Improved component characterization of multi

Improved component characterization of multi-exponential NMR relaxation data through two-dimensional
stabilization of the inverse Laplace transform
Hasan Celik, Mustapha Bouhrara, David A. Reiter, Kenneth W. Fishbein, and Richard G. Spencer
Laboratory of Clinical Investigation, National Institute on Aging, National Institutes of Health, Baltimore, MD 21224, USA
Nuclear magnetic resonance (NMR) relaxation properties of tissue, such as brain, cartilage and muscle, both in vivo and
ex vivo, are of great interest. NMR relaxation data permits examination of tissue water mobility, providing important insight
into macromolecular composition. Therefore, multi-exponential analysis of NMR transverse relaxation data has become a
widespread technique to determine relative weights and time constants (T 2) of underlying exponentially-decaying
components. This analysis requires application of a numerical inverse Laplace transform (ILT) to the time-domain decay
data. However, the ILT is well-known to be ill-conditioned; even with substantial signal-to-noise, there can be a number of
T2 distributions that fit the data equally well. In addition, small perturbations of the data due to noise or other experimental
factors can result in large changes in the corresponding T 2 histogram. Finally, the results can be very dependent upon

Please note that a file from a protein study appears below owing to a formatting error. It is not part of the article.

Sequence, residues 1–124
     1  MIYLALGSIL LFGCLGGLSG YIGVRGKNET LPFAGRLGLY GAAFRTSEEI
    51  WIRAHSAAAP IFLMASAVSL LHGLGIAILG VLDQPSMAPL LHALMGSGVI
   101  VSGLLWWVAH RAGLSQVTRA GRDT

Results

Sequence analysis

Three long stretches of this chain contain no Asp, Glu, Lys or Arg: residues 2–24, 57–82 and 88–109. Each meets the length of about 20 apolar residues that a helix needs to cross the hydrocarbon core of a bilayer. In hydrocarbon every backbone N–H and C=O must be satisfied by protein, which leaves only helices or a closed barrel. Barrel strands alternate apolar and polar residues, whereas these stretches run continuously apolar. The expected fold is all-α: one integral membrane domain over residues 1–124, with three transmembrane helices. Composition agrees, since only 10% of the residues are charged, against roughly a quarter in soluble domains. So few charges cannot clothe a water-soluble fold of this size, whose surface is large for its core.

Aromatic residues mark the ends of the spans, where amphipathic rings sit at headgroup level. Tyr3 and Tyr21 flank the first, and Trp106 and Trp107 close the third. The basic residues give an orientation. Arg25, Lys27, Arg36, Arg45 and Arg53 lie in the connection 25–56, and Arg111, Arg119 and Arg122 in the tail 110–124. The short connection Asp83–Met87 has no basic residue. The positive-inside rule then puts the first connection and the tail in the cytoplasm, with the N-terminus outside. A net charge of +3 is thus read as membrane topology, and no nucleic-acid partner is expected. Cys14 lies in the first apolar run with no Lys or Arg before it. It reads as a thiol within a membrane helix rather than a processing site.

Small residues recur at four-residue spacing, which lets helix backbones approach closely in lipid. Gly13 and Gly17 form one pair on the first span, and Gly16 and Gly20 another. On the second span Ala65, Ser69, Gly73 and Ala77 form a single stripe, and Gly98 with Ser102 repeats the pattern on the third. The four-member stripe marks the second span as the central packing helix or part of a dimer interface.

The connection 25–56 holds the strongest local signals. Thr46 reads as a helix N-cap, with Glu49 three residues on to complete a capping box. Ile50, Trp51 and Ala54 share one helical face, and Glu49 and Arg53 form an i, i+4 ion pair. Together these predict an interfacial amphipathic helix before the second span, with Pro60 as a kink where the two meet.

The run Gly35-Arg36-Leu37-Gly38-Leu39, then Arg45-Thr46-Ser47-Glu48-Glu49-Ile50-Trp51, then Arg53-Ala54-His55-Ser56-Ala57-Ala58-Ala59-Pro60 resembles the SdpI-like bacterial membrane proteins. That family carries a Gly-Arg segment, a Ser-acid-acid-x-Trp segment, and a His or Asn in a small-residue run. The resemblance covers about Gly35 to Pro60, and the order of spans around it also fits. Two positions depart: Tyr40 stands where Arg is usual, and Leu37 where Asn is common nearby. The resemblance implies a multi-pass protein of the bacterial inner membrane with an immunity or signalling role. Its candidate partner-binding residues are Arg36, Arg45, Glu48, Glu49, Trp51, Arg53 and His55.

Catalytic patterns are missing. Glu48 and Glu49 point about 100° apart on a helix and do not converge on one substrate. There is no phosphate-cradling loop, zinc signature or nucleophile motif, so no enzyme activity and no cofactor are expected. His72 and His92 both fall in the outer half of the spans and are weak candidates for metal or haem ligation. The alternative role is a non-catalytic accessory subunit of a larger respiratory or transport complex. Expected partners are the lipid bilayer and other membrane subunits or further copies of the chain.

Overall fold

the degree of regularization applied in an effort to obtain more meaningful results. For these reasons, for cases in which
underlying exponential components are not widely separated, interpretation of ILT results can be highly problematic.
An important extension of the multi-exponential analyses described above utilizes two-dimensional relaxation
experiments. In these experiments, one dimension of data, the direct dimension, is collected as a function of time, as for
the case of conventional T2 measurements. A second dimension, the indirect dimension, is collected as a function of an
appropriate incremented delay in the pulse sequence. The indirect dimension can be selected to reflect a variety of tissue
biophysical properties, e.g. longitudinal relaxation constant (T 1), apparent diffusion constant (ADC) or magnetization
transfer rate (MTR). This permits tissue components to be distinguished based on two NMR parameters. Construction of
this 2D distribution of NMR parameters (e.g. T2-T1) from the 2D NMR data requires a 2D ILT.
We have previously demonstrated a substantially greater degree of stability and markedly decreased sensitivity to the
extent of regularization in parameter distributions obtained using the 2D ILT as compared to the 1D ILT under certain
conditions [1]. This surprising effect was explored using extensive simulations and phantom experiments, indicating that
the 2D ILT could be used to determine T 2 distributions with increased accuracy as compared to distributions obtained
using the 1D ILT, even on an equal experimental time basis. Here, we will present the theoretical underpinnings of the
increased robustness of the 2D inversion results as compared to 1D inversion, based on the discrete Picard condition. In
addition, analytic expressions for the data and model resolution matrices will be presented for the 2D ILT. Using these
expressions, the behavior of the 2D transform is directly compared to that of the 1D transform using resolution tests
applied to underlying spike models.
[1] Celik et. al,J. Magn. Res.,236:134-139, 2013